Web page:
Top-Rated Free Essay

Explain the Key Sociological Perspectives

Topics: Sociology / Pages: 5 (1179 words) / Published: Jun 21st, 2012
Key Sociological Perspectives

Postmodernism
Postmodernism looks at social rapid change and how many institutions are unstable due to social uncertainty and sudden changes. It looks at how the rapid change of society has affected all social expectancies, and how the social norms that we once understood and expected are no longer valid, as the society around us is changing so much. This includes the stratification of society, as well as social roles and the norms, the intermixing of cultures, the changing of social class, and the difficulty of social mobility. It looks at social stratification, as due to the many changes in technology, work and way of life, the layers of society have changed greatly. This also reflects social classes and roles, as the rapid changes have left social roles unstable, especially through recent recession periods, which has not only disrupted social classes, but has also made it easier for those of a higher class to fall down the ladder of hierarchy.

Interactionism
Interactionism a theory based on looking at the small, individual institutions within society, and assessing how certain aspect of society affect them. It is believed that our behaviour is determined by how we interpret situations and relationships; in education for example, the teacher-pupil relationship would be assessed, and then compared to exam results to find a correlation between the relationship and how it affected the student’s studies. It works largely on personal socialisation, as it determines how our primary, secondary and tertiary socialisation affects the way we behave in society, through communication, body language, and reactions to situations. It also looks at the nature/nurture argument – the debate whether genetics in a person are dominant in determining how that person behaves and acts, or whether it is the influence of the environment and the family institution that makes someone develop the way they do, though the interactionism theory favours the nurture argument.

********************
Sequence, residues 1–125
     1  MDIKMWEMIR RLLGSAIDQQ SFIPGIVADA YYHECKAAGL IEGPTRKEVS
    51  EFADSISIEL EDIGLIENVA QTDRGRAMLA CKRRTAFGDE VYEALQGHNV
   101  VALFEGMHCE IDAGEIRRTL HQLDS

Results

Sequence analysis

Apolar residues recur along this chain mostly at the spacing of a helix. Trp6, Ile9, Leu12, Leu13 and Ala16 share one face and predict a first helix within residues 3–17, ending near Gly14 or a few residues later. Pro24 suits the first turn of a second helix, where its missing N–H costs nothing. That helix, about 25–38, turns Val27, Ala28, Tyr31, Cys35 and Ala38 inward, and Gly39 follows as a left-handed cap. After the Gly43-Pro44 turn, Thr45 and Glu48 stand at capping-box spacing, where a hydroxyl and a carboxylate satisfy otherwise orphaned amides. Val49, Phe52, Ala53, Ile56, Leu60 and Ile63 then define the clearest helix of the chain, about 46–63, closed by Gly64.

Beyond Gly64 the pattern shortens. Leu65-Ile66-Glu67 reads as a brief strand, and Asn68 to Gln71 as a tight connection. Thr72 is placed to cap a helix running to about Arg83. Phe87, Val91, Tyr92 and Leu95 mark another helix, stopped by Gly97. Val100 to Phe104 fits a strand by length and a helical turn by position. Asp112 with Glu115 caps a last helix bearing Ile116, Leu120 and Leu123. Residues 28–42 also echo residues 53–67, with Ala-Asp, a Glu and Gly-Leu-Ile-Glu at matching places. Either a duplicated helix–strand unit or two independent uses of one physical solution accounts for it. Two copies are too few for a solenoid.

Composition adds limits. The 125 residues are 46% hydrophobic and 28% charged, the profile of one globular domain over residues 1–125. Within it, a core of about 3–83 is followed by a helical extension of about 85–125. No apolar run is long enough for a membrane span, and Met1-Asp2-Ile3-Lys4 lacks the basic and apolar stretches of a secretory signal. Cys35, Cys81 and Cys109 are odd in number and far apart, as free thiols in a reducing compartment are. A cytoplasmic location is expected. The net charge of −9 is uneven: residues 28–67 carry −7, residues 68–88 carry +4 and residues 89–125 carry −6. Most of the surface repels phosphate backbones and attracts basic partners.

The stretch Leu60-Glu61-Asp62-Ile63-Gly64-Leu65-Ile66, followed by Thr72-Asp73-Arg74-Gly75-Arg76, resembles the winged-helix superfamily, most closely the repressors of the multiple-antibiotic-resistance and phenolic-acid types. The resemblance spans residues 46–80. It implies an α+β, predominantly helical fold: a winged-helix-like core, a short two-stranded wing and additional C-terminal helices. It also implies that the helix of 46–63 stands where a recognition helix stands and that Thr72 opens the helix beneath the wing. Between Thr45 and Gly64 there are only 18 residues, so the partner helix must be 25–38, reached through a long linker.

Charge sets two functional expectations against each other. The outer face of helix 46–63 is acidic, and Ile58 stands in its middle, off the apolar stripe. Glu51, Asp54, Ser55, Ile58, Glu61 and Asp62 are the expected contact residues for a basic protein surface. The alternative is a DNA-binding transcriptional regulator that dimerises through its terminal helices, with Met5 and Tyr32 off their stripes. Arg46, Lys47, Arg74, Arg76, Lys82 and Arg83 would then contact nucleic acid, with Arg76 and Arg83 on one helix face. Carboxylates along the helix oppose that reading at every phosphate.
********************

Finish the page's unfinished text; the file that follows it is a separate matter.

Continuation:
Functionalism